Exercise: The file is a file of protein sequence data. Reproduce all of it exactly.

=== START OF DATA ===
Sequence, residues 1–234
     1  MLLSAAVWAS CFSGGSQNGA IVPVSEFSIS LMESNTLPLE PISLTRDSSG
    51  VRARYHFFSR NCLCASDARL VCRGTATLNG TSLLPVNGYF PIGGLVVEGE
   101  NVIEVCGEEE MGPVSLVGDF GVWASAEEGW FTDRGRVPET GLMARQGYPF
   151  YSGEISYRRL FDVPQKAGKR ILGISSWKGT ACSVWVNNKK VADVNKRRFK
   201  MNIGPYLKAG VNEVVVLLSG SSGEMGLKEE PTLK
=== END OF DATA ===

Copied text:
Sequence, residues 1–234
     1  MLLSAAVWAS CFSGGSQNGA IVPVSEFSIS LMESNTLPLE PISLTRDSSG
    51  VRARYHFFSR NCLCASDARL VCRGTATLNG TSLLPVNGYF PIGGLVVEGE
   101  NVIEVCGEEE MGPVSLVGDF GVWASAEEGW FTDRGRVPET GLMARQGYPF
   151  YSGEISYRRL FDVPQKAGKR ILGISSWKGT ACSVWVNNKK VADVNKRRFK
   201  MNIGPYLKAG VNEVVVLLSG SSGEMGLKEE PTLK